“What are you doing here?” he asked.

There was silence. Milo took a seat on the step next to her. He sat a while before speaking again.

“Is something wrong? Did something happen?”

Corinth turned her head away but otherwise did not move. Milo was almost touching her.

He decided on a different approach. “You know I like both my cousins. Even if you both tease and play about.”

It seemed she relaxed a little. Although she didn’t look directly at him, she did turn her head back, but still kept silent.

“What do you think we’ll have for lunch?” He was trying hard to lift her spirits but was obviously not very good at it.

“I couldn’t care less,” she finally replied. “I don’t care.”

“Oh, okay.”

“I think my parents are getting divorced.”

That statement came out of the blue, like a summer storm, a shock. A shock for Milo, but not for Corinth. A summer storm was at least predictable. You could see the storm clouds gathering, you just didn’t know when it would hit.

“What happened?” Milo shuffled a little closer. He wanted to give his support.

“They were arguing. It’s been going on for some time. Before we got here.”

“Arguing about what?”

Corinth felt the touch of the other body next to hers. She stared out across the overgrown lawn.

“I think it was about my father and your mother.” She didn’t want to be too brutal. She didn’t want to straight out tell him it was about them. Even though she knew, she’d heard the argument.

“What about?”

Now she turned her head and looked at him. “You sure you want to know?”

“Of course, I want to know.” Why would she say that? he thought to himself.

“Something’s going on between your mother and my father.”

“Going on?”

She sighed. “Milo, you can be so slow sometimes. It’s easy to tease you. You never see anything. Don’t get it,”

“Don’t get what?” He was a bit annoyed.

“My father, your mother. Together.”

He still had to think about it for a moment or two before the penny dropped. “You mean they’re…” He didn’t know how to finish, but if he understood her, she was telling him his mother was having an affair.

“With Uncle Morris?”

Corinth felt exhausted by the explanation. “You got it.”

“No, no, can’t be true. I’m not falling for your games.”

“Whatever. You asked. I’m not playing. Not making it up. I heard my parents arguing about it.”

At first, he didn’t reply, but something felt different. This time he believed her. She was serious. She’d been crying about it. Before he even got here.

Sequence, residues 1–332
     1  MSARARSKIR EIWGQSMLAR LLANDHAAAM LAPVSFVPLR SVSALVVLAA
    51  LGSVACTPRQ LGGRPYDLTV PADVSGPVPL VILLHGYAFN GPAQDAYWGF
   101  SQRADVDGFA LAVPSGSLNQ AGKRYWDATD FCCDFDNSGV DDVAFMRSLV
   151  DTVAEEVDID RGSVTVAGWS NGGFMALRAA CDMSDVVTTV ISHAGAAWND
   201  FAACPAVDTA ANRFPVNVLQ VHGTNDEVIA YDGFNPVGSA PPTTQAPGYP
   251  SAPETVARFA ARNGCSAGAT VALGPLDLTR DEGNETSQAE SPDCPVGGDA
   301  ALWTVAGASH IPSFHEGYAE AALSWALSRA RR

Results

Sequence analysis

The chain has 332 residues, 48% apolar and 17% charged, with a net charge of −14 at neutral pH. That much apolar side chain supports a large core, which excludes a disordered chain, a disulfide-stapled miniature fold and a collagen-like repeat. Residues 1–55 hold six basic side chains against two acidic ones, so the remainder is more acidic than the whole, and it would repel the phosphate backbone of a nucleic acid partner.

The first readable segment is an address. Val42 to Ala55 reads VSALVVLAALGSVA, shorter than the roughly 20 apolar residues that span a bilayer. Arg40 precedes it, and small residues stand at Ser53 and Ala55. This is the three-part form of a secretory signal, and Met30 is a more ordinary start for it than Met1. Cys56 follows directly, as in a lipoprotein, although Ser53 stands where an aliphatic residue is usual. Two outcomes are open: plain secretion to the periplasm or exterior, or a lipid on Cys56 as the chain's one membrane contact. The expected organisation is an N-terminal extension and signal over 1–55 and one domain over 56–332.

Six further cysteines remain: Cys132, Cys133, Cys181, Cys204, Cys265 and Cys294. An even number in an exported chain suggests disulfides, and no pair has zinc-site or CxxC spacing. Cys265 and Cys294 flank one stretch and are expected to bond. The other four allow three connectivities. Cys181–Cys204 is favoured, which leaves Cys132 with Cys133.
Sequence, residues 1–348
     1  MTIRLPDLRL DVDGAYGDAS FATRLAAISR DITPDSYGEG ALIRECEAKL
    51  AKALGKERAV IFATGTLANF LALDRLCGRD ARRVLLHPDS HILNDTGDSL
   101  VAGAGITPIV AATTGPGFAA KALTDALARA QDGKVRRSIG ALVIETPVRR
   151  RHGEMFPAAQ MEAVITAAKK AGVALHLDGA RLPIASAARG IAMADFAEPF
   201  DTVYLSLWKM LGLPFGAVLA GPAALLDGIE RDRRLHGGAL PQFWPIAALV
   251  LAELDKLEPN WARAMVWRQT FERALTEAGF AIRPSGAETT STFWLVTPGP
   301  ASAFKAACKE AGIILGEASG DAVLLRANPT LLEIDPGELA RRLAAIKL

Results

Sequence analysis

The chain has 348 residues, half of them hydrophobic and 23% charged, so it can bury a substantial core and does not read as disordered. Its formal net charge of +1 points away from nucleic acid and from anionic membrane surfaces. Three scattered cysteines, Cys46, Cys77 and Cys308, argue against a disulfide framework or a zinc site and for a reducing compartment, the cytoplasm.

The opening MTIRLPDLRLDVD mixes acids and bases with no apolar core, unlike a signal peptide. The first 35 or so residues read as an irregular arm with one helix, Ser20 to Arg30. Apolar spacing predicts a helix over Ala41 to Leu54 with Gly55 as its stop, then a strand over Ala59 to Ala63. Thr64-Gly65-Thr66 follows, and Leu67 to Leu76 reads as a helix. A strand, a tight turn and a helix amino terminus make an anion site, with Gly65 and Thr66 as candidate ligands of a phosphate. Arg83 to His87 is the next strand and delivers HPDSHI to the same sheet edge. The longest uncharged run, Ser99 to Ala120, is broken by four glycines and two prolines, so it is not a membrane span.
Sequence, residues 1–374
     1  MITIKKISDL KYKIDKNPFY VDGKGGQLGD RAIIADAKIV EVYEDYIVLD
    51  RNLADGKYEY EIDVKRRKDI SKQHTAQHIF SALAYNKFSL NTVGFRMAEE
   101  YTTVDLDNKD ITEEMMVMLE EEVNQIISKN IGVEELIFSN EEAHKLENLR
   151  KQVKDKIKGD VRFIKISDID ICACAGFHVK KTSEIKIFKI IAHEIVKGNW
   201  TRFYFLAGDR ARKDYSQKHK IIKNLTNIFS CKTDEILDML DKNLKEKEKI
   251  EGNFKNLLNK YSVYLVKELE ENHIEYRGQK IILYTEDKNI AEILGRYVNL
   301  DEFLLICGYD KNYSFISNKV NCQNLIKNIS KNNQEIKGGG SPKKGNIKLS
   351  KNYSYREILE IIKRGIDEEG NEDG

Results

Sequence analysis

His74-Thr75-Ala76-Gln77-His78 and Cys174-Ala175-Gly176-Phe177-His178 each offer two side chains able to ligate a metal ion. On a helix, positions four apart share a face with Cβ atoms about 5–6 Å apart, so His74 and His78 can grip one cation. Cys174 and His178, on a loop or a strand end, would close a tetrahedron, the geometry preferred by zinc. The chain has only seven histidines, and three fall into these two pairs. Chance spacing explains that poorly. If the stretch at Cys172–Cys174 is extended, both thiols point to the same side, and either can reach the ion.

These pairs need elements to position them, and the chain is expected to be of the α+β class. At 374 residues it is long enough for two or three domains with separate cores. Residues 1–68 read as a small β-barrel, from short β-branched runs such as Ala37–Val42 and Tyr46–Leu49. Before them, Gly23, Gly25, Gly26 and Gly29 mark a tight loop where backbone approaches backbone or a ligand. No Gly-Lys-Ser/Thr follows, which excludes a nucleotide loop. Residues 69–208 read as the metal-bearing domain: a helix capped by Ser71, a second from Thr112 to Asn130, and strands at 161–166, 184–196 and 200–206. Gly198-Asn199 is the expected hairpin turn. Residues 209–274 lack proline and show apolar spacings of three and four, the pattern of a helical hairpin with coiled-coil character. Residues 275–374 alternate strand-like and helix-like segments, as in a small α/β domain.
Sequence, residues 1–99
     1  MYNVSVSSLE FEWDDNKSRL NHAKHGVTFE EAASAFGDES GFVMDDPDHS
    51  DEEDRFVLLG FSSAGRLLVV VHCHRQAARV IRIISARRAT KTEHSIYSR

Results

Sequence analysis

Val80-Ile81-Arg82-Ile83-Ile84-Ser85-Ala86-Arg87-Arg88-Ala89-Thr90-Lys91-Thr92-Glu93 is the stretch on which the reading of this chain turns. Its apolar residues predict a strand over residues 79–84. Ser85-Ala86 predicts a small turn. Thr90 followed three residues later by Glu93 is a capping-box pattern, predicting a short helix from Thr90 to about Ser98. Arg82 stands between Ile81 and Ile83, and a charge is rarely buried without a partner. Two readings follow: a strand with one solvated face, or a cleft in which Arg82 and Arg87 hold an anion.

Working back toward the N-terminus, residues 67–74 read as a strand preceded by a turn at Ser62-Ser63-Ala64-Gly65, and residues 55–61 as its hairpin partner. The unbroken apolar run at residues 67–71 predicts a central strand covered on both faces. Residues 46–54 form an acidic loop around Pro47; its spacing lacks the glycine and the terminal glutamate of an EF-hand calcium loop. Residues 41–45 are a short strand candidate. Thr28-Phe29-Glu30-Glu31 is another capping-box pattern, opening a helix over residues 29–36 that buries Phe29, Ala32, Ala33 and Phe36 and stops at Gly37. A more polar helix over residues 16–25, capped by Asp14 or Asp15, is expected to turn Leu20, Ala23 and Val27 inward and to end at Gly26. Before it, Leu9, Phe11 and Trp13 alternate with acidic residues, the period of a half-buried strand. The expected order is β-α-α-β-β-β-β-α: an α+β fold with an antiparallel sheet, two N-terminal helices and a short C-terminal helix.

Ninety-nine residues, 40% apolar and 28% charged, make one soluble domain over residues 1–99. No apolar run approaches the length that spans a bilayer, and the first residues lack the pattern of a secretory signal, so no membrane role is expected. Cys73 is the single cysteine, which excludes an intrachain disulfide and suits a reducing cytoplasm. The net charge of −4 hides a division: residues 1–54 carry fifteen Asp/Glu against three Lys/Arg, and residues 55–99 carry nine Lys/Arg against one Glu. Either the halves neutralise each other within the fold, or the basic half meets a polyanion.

“Okay. What if I do believe you?”

“Nothing. Nothing, Milo. I’m just saying what’s going on. It upset me. Not at first, but thinking about what might happen. If they do split up. What will happen now? This summer? It seems like it might be over before it starts. I can’t see us staying here all summer together. Can you?”

He thought about it, “No. I suppose not.”

Corinth turned to face him, moving her head closer. She moved her arm onto his back, leaned forward and kissed him on the lips. She caught him off guard. He was contemplating the revelation, not paying attention to her. The first he knew, was the soft, moist touch of her lips against his. He jumped back, surprised. It took Milo a moment to recover.

“Look, Corinth, I wasn’t lying about liking you both, you and Amelie. But I like you like cousins, sisters even, not in any other way.”

She didn’t push herself on him but instead shuffled further apart. “Okay, sorry.”

“Forget it. No problem. Just so we understand each other. Okay?”

“Okay,” she gave him a weak smile. “And I’m sorry for teasing you and all that.”

“Doesn’t matter. It’s all cool.”

“Still, why wouldn’t you want to kiss? It doesn’t mean we’re in a relationship or anything. It’s only a kiss. Boy, girl.”

Milo felt himself blush. “I just don’t want to do that. We’re not kids anymore.”

“All the more reason. Just try kissing between grownups.”

“Well, I don’t think we’re grownups either. And it doesn’t feel right doing stuff with my cousin.”

Corinth was silent. She was again staring out across the once fine lawn.

After some time just sitting there together Milo spoke, “Have you seen the guy who’s working on the house?”